Oil slides 8 per cent as pandemic-driven demand concerns re-emerge



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Oil slides 8 per cent as pandemic-driven demand concerns re-emerge

On Thursday, both US and UK crude futures’ prices had been faltered nearly 8 per cent, while the sell-off wave was mostly wended by a revival of concerns regarding deterioration of demands alongside possibilities of a resurgence of pandemic cases in the United States.

Aside from that, a record high crude oil inventory built in the United States had added to further strains on an ailing global oil market which has been hanging on into the treacherous waters since the onset of a “lose-lose” crude oil price war between Riyadh and Moscow in March this year.

Nonetheless, Thursday’s tottering of the crude oil futures’ prices was almost entirely galvanized by a sudden uptick in US crude oil inventory alongside a slanderous demand outlook which was endorsed just yesterday by the US Federal Reserve, while a dive of roughly 20 per cent in fuel consumption level despite an easing off of the lockdowns in most of the US states had added to further worries.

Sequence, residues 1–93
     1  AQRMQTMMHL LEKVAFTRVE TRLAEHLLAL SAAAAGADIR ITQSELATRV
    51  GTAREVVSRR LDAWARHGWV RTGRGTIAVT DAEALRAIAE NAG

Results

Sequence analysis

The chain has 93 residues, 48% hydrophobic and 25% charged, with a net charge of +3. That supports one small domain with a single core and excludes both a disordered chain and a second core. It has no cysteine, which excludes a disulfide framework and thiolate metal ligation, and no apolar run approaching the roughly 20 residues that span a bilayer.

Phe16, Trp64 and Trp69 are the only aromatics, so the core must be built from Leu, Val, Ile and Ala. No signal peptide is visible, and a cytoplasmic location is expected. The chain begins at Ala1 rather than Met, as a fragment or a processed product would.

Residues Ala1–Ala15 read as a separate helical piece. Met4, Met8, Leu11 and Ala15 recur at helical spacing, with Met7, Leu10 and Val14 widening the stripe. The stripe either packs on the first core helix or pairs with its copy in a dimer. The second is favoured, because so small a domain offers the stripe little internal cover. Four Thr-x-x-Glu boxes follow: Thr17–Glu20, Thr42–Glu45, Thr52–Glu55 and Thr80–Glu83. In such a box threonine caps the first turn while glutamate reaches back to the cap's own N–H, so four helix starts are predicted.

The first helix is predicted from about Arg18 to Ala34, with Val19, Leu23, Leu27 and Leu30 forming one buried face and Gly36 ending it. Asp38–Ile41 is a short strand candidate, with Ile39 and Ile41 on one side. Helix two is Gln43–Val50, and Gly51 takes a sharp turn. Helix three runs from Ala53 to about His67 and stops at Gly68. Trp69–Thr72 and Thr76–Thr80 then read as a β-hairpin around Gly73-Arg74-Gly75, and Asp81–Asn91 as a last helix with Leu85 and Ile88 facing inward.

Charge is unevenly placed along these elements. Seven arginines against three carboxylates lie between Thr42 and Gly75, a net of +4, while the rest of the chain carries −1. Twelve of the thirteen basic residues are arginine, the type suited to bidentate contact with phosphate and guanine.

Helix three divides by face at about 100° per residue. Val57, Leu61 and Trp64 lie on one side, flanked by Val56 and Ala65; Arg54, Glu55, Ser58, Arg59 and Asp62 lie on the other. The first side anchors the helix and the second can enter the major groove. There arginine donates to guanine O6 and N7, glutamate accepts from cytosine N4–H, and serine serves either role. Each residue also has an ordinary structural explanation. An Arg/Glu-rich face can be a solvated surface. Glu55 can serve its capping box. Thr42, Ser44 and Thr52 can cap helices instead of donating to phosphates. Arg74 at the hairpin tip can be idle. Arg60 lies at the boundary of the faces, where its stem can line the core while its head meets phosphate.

Dour economic outlook on FOMC minutes, rising US inventories weigh on crude oil price

Meanwhile, as Wednesday’s FOMC minutes appeared to have downsized optimism over global economic health and raised an alarming bell over a series of local spikes in pandemic cases that would be lowering the people’s confidence in restaurants, entertainments and traveling, the US West Texas Intermediate crude oil futures’ prices were plunged by 8.2 per cent to $36.34 a barrel, while the UK crude futures’ prices had pummelled 7.6 per cent to wind down the day at $38.55 a barrel.

Aside from that, while a gloomier demand outlook has been adding further pains into an already overflooded crude oil market, the US crude refineries surged unexpectedly by 5.7 million barrels last week to a record 538.1 million barrel, mostly built on the Gulf crude imports from Saudi Arabia.

Meanwhile, referring to a bearish bias into the crude oil market that had compounded further following the Wednesday’s FOMC minutes, a director of market research at Tradition Energy, Gene McGillian said, “The reality is we have glut levels of global fuel inventories. The fundamental picture still has bearish factors that the market was turning a blind eye to”.